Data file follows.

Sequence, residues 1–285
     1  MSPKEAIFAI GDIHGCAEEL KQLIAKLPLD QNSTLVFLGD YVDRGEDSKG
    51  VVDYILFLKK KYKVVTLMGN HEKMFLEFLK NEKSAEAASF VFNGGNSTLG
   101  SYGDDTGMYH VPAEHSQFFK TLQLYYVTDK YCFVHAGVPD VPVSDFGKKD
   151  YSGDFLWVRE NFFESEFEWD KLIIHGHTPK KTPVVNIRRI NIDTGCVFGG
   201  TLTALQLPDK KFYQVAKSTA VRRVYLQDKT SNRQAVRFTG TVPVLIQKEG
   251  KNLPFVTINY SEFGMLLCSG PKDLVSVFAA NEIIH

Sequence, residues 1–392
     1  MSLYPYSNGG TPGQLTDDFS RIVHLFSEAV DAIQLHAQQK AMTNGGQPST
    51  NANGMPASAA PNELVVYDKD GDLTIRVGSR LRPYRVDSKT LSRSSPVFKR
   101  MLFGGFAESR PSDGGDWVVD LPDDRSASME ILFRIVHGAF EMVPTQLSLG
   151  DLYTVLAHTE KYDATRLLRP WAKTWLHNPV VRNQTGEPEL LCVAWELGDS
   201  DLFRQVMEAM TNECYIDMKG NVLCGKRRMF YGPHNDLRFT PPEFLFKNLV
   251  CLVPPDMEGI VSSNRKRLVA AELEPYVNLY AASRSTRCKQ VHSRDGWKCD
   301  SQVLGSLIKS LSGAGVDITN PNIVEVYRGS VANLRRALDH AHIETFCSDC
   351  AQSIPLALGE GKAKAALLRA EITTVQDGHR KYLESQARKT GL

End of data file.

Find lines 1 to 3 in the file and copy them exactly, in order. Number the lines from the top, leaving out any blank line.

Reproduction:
Sequence, residues 1–285
     1  MSPKEAIFAI GDIHGCAEEL KQLIAKLPLD QNSTLVFLGD YVDRGEDSKG
    51  VVDYILFLKK KYKVVTLMGN HEKMFLEFLK NEKSAEAASF VFNGGNSTLG